The former president (and husband of the secretary of state) is already telling Obama how to run his re-election campaign, now he's telling the president how to govern.
Bill Clinton has become President Obama's most high-profile armchair critic.
This Sunday, Clinton offers a not-so-subtle hint about governing in his New York Times Book Review assessment of Robert Caro's latest installment of his biography of Lyndon Johnson. "This is the question every president must ask and answer," Clinton writes, referring to the matter of how an American president should use his political capital. It's a topic that Obama observers have dwelled on at length as Obama has faced a resistent Congress. The hint Clinton drops is that the president must be the mover of Congress, he notes, marveling at LBJ's ability to get legislators on his side. "If you were a partisan, he’d call on your patriotism; if a traditionalist, he’d make his proposal seem to be the Establishment choice. His flattery was minutely detailed, finely tuned and perfectly modulated. So was his bombast — whatever worked."
The advice was not lost on The New Republic's Timothy Noah "[The] review is clearly addressed to a single NYT reader," he tweeted. "The guy's initials are BHO." It also wouldn't be the first time the Silver Fox imparted his wisdom to Obama.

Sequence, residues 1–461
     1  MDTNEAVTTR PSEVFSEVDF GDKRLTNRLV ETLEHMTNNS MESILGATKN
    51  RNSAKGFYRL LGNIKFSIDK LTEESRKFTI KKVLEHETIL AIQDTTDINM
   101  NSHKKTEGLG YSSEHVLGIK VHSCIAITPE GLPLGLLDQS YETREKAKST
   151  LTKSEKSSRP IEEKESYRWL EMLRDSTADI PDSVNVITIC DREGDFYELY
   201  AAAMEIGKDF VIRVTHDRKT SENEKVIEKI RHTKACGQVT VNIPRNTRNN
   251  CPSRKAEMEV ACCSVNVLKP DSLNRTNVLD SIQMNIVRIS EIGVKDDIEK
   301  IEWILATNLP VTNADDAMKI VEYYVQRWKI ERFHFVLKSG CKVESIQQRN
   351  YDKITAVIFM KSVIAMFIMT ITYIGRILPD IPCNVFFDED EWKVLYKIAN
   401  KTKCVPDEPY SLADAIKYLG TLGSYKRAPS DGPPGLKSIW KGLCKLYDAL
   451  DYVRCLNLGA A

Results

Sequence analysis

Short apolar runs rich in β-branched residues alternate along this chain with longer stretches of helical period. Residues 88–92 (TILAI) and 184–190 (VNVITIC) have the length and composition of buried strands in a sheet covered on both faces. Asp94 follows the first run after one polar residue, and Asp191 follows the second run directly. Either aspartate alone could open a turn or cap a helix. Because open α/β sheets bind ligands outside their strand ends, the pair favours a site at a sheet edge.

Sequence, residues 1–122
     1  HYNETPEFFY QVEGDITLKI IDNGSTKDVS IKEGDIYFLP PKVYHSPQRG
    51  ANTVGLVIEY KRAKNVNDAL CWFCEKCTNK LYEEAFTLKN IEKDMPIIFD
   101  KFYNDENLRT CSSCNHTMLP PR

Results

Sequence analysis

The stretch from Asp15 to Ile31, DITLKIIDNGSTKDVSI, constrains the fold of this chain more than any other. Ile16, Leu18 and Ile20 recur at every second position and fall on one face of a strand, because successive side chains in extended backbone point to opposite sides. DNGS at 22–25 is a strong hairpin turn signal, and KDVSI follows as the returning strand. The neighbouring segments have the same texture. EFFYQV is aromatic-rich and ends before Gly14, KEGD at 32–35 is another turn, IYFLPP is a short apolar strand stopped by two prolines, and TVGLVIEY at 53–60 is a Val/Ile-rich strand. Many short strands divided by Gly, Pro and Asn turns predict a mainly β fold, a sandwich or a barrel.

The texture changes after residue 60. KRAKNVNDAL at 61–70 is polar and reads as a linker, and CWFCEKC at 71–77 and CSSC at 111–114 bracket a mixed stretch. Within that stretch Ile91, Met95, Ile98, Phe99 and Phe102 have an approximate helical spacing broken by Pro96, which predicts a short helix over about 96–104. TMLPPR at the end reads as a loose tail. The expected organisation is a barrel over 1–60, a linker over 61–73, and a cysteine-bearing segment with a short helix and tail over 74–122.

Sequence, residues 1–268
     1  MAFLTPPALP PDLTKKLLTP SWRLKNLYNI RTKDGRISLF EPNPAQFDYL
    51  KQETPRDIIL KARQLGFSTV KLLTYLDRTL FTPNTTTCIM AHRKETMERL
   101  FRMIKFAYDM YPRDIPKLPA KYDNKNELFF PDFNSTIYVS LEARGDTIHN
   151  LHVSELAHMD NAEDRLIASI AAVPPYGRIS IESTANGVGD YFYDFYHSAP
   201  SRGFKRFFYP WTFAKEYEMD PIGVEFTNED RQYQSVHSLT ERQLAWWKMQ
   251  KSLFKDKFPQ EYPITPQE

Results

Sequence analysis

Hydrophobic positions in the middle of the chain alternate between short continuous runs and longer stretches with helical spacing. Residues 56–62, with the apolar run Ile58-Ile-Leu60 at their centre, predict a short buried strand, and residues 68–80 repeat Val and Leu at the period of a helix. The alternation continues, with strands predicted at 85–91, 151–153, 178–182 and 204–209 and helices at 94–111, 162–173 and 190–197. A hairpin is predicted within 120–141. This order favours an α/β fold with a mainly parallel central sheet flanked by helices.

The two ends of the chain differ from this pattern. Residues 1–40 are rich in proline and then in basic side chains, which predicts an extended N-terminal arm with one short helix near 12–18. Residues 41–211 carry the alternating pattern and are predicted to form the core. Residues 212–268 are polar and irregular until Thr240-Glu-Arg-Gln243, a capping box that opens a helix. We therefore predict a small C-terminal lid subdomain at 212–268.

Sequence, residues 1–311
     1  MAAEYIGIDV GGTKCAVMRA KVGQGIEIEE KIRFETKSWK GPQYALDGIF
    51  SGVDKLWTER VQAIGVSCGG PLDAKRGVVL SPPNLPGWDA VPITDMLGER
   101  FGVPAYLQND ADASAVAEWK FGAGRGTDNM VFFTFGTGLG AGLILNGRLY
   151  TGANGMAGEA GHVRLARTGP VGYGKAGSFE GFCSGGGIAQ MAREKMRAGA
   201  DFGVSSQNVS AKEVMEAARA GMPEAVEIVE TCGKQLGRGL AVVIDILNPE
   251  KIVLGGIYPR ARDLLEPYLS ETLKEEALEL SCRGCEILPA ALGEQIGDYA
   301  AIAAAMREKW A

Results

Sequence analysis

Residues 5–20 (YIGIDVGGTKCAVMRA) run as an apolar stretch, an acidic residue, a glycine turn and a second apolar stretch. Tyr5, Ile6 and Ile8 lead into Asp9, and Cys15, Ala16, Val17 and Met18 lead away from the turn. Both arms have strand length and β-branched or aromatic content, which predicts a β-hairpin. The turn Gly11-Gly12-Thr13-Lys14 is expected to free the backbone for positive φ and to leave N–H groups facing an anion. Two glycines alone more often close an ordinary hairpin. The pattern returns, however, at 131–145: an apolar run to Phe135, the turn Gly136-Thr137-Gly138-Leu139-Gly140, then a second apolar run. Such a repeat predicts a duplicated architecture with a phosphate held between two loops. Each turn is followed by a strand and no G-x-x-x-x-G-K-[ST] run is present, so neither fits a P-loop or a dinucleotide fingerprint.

Earlier this month, Politico's Glenn Thrush and Jonathan Martin reported that Clinton was responsible for altering the Obama campaign's attack message against Mitt Romney after badgering members of the campaign. "A more effective strategy, Clinton has told anyone who would listen, would be to focus almost exclusively on Romney’s description of himself as a 'severe conservative,'" they reported, "to deny him any chance to tack back to the center, according to three Democrats close to the situation."